After a good night’s rest, it was back in the Jeep and off to Northern Minnesota. Northern Minnesota was as far east as we planned to venture due to the Covid-19 requirements for entering some states since for folk from California. We didn’t really think the requirements included those traveling by automobile, but we didn’t want to take any chances. There would be other years, years without a deadly, global pandemic, to travel across the entire country.
A full day of things to see and do was planned. This included a lot of time in the Jeep interspersed with several stops to stretch our legs, see some sights and hopefully get some good photos. Our first stop of the day was in Fergus Falls to see Otto, the 40-foot long otter squatting in Adams Park. Otto has squatted in the park for almost 50 years, built by local high school students in 1972 for the city’s centennial celebration. Even though the temperature was quite chilly, the pups had fun running around the park and we got some great pictures.
We said good-bye to Otto and headed to our next stop, an unscheduled stop at Battle Lake. We actually drove through the town at first, but decided we simply had to turn around and spend some time here. Battle Lake was beautiful and the fall foliage we found was absolutely perfect for pictures of the pups. We couldn’t pass up the chance to grab a picture or two of Chief Wenonga, standing tall as he looked out towards the lake. Battle Lake was the site of an Indian Battle in the 1790s.
We continued on to Lake Bemidgi, making a few stops along the way because the fall foliage was just too pretty not to photograph.
By Lake Bemidgi stood an 18-foot tall Paul Bunyan and his friend Babe, the blue ox. Paul Bunyan has stood here since 1937 when he was built for a winter carnival. Babe was added in 1939. Lake Bemidji provided a stunning backdrop for Paul and his friend, Babe. On a side note, we knew Minnesota is the land of 10,000 lakes, what we didn’t know is that legend says the lakes were made by rain filling Paul Bunyan’s footsteps as he explored the state. Pretty cool, huh?
We finished our day driving through the Chippewa National Forest. We stopped several times to admire the many shades of autumn. Needless to say we did several turn arounds, one of which was to stop and view the mouth (beginning) of the Mississippi River. Mom got a thrill out of this experience since she had the opportunity to see the Mississippi delta while attending a conference in New Orleans a couple of years ago.
After a fabulous, and tiring, day exploring Northern Minnesota, we made our way back to Fergus and our cabin for the next 2 nights. The cabin, named Gray Duck, was a pleasant surprise. Mom was actually ecstatic… the cabin was anything but what one pictures hearing the word “cabin”. The cement floors were heated, after all we were in Northern Minnesota, the kitchen was modern and very-well appointed, 2 lovely bedrooms, a great bathroom, gorgeous living room with windows from floor to ceiling and a gas fireplace. There was also an enclosed patio off the living room which ended up being my mom’s and the pups favorite place to hang out. Since it was dark when we arrived, exploring the outdoors had to wait until morning.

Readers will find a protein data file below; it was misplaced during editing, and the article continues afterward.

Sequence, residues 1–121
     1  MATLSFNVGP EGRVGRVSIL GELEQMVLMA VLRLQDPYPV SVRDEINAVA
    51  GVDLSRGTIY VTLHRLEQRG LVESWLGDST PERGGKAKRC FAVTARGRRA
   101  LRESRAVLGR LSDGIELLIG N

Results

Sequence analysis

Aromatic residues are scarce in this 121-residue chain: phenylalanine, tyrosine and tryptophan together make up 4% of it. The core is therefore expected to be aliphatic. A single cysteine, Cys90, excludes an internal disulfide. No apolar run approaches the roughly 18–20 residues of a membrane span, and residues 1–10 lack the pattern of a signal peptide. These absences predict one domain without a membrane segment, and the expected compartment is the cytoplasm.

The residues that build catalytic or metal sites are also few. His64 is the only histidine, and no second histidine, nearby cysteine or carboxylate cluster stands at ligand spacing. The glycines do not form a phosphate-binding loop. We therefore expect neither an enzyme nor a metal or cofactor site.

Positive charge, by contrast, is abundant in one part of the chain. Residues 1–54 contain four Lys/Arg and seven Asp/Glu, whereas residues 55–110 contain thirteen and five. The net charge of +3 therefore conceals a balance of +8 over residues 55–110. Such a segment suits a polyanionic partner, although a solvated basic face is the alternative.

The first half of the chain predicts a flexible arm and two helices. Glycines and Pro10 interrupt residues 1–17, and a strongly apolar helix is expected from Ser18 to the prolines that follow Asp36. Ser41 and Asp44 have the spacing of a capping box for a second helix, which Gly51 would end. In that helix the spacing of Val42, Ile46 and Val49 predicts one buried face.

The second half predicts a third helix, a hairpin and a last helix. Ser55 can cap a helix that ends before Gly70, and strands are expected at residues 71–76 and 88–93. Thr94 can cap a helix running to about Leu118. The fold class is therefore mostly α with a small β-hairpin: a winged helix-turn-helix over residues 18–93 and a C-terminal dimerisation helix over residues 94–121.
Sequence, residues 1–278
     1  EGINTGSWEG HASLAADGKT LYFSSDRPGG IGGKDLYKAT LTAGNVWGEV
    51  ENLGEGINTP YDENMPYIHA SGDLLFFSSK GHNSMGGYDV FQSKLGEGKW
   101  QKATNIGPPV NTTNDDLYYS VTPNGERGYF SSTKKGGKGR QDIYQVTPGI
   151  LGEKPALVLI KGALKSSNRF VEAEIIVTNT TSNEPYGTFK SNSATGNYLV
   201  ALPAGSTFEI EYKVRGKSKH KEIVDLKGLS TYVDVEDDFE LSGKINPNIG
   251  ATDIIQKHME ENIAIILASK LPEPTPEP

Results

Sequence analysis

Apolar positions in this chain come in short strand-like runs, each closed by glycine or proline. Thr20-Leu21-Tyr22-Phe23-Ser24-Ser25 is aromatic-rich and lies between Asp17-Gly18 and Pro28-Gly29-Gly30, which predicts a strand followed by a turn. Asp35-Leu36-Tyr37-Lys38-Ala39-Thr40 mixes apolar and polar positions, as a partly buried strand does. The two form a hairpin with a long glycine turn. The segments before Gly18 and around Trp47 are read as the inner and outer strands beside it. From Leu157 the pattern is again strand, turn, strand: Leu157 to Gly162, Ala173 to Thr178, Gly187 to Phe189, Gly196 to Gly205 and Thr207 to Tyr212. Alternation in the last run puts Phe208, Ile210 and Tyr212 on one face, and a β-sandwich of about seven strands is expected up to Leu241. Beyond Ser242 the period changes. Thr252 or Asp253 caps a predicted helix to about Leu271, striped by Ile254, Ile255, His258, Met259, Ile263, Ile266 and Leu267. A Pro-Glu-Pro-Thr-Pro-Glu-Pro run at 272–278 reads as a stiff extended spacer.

The next morning we headed out to find Sugarloaf Cove on Lake Superior. The drive to Lake Superior took us past awesome views of a beautiful autumn color palette. One of these picturesque views happened to be one of the many lakes of Minnesota, just down the road from our cabin. Of course we had to stop so I could, hopefully, capture the beauty in a photo.
A few minutes later, we were on our way to Lake Superior. Since this adventure was a last minute addition to our travel plans, we had no idea what to expect. To say we were not disappointed is an understatement. The walk to the lake’s edge was through a heavily wooded area crying out for a photoshoot with the pups.
When the water’s edge was reached, my mom was shocked to see a lake because it looked like the ocean! The pups had fun playing in the water and splashing about in the waves. The beach was more rocks than sand, but no one seemed to care. A little peninsula stretched out into the lake that everyone was excited to explore. The pups had a great time running through the trees on the peninsula and were well-behaved the many times I made them stop running to pose for pictures. We even traversed out to the rocky end of the peninsula to see what we could see. What we saw was water as far as the eye could see, surrounded by the yellows and oranges of fall.
Mom stayed back on terra firma to take pictures of the exploring escapades of myself and the pups. We spent much longer than anticipated exploring Sugarloaf Cove, but fortunately the only other activity planned for the day was to spend time enjoying and exploring the area around the cabin.
After exploring Sugarloaf Cove, I wanted to go check out a local waterfall. So we got back into the car and drove a few miles to Islip Falls. It was a gorgeous falls, but hard to photograph because we were at the top of the falls rather then the bottom. Which is always somewhat nerve wracking with the dogs. But they behaved while I explored and took some landscape photos. Before we headed back to the cabin.
Back at the cabin, I worked, Mom read on the patio and the pups slept. After everyone rested and got a second wind, we were ready to explore the backyard. There was a path down to a creek behind the cabin, unfortunately it was a bit too late to explore. I was a bit sad that I hadn’t planned for a longer stay here at the Gray Duck cabin. This only means another stay here is in our future, which I’ve already booked. Now after a tasty Italian dinner picked up at a recommended café and reading by the fire it was time to call it a night, for tomorrow we are off to Rapid City, South Dakota.